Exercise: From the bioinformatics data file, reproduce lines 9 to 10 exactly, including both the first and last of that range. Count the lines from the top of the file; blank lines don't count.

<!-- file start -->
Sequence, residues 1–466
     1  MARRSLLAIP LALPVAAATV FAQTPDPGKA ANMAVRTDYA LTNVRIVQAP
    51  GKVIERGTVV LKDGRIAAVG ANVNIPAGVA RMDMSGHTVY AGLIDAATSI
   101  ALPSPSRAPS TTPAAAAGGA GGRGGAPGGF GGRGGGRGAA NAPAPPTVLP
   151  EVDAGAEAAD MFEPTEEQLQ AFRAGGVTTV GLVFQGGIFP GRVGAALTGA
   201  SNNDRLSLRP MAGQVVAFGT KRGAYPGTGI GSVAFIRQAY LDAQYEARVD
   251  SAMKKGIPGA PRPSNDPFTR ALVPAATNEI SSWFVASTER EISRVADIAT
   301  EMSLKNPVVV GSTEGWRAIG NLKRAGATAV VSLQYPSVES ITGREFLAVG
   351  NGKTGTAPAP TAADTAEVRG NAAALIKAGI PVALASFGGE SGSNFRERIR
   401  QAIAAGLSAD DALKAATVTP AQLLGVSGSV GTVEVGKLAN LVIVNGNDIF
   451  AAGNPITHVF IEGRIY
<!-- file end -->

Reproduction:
   351  NGKTGTAPAP TAADTAEVRG NAAALIKAGI PVALASFGGE SGSNFRERIR
   401  QAIAAGLSAD DALKAATVTP AQLLGVSGSV GTVEVGKLAN LVIVNGNDIF